Tuesday, January 17, 2006

What's wrong with essences anyway?

There are at least three answers to this.

One is that the naïve and/or philosophical reification of individuated entities is the misconception to which the twelve links of samsāric existence adhere. I intend to get to this much later.

Another is the pragmatist objection to essences which revolves around the manifest futility of essentialist metaphysics since its Aristotelian inception.

A third is evolution. As far as I have thought it through, if we take seriously the idea of cosmological evolution then any worldly* presence of essence becomes untenable because any given referent has the entire history of the evolved universe, up to and including its present state, as its conditions. Take these away as circumstantial, relational properties, as an essentialist must, and what essential property in this world can one possibly be left with? For surely an essence cannot be said to evolve, or emerge in any way, without violating the requirement that it be nonrelational with respect to time, i.e., that it be eternal.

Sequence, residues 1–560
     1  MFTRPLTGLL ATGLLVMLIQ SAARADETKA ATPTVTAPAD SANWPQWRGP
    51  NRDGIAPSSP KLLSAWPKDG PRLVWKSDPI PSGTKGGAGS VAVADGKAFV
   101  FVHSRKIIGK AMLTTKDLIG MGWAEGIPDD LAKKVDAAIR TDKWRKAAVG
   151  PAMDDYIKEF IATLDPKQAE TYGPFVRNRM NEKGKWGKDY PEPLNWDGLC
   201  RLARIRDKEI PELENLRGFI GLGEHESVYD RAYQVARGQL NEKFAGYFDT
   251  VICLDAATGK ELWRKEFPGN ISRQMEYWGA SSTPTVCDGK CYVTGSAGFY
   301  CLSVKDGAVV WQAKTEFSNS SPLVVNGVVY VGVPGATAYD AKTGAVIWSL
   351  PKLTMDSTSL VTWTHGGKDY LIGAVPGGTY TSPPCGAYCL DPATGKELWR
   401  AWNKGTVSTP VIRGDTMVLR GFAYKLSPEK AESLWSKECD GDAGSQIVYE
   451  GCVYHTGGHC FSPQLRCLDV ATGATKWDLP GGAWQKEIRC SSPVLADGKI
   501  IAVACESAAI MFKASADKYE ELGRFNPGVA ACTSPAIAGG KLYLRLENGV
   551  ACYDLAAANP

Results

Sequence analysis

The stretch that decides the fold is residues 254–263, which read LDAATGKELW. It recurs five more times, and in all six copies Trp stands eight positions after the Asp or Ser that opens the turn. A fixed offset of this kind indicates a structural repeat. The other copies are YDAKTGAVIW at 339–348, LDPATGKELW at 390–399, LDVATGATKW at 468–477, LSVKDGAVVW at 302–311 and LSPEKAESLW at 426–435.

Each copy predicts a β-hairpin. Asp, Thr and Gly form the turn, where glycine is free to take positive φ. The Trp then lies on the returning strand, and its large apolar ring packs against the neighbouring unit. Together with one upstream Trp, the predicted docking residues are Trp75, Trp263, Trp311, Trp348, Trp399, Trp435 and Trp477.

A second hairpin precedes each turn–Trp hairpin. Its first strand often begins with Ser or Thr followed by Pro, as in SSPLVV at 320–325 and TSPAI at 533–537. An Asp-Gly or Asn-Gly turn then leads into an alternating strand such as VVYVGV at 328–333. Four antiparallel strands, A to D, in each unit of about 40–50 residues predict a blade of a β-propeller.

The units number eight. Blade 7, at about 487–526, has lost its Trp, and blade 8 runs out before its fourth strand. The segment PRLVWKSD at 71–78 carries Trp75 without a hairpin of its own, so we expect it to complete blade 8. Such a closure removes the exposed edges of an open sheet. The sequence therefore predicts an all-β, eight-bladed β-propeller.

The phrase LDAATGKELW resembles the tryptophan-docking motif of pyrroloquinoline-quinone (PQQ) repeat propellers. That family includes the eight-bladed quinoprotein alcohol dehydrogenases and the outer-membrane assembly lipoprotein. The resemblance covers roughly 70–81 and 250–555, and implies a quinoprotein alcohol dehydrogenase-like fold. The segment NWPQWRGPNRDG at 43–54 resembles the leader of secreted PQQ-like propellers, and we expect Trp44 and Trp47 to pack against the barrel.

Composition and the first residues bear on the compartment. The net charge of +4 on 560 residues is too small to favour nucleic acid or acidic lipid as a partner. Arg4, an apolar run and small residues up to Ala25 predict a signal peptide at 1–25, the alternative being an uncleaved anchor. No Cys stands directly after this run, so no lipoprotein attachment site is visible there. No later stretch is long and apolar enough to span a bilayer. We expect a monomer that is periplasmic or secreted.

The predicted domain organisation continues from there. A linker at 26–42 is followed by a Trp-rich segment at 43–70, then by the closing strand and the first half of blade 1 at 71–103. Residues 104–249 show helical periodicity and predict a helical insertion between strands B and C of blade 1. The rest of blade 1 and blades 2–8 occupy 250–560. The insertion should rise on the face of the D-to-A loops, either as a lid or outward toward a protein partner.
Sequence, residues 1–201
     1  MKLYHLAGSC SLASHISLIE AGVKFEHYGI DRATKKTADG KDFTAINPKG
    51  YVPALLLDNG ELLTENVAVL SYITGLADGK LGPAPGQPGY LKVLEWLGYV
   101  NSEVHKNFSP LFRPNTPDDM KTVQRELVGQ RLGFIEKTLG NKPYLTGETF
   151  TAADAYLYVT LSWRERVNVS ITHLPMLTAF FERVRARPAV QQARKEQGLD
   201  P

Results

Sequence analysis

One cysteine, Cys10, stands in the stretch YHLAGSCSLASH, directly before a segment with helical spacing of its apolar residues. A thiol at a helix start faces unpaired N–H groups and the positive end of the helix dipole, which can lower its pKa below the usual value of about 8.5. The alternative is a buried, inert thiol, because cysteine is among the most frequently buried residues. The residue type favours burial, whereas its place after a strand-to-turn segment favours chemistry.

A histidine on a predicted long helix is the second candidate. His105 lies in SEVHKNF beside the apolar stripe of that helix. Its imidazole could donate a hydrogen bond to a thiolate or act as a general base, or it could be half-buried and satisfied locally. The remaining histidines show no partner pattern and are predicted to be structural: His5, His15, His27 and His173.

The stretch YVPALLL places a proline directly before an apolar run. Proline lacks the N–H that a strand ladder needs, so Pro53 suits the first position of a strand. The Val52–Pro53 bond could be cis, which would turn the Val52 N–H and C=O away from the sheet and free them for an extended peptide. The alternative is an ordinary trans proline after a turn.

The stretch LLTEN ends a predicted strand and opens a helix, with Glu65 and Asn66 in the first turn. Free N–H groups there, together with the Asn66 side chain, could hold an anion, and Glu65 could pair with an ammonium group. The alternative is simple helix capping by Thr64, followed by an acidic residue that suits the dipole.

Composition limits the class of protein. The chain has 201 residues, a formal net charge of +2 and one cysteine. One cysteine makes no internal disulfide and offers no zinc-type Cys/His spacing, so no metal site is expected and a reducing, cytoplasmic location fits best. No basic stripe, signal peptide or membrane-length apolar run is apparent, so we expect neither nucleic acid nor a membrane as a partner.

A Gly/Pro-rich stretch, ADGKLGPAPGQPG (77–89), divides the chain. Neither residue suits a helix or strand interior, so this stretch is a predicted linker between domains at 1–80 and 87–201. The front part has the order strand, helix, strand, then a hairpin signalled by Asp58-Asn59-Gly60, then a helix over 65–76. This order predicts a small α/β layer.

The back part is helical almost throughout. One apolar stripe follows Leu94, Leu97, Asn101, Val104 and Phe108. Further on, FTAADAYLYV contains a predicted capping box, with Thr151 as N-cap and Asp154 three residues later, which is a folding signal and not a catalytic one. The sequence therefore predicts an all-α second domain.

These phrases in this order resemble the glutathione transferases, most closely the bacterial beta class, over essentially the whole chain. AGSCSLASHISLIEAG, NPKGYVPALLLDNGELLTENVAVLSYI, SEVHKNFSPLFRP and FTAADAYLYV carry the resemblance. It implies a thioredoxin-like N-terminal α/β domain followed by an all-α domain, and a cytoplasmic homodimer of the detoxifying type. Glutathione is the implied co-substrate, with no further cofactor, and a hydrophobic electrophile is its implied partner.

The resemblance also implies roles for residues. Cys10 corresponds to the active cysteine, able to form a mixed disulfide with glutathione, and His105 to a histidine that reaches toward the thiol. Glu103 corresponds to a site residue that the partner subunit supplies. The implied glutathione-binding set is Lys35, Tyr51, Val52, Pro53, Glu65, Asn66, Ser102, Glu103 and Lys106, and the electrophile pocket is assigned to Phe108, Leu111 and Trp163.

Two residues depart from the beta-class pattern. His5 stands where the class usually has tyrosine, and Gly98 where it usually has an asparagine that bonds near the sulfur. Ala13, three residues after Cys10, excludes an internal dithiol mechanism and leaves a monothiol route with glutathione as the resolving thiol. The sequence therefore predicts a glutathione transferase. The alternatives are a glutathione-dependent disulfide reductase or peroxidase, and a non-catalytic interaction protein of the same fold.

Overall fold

* I say "worldly" because I suppose one may argue that the essences of all possible things already exist in some kind of atemporal transcendental realm.

No comments: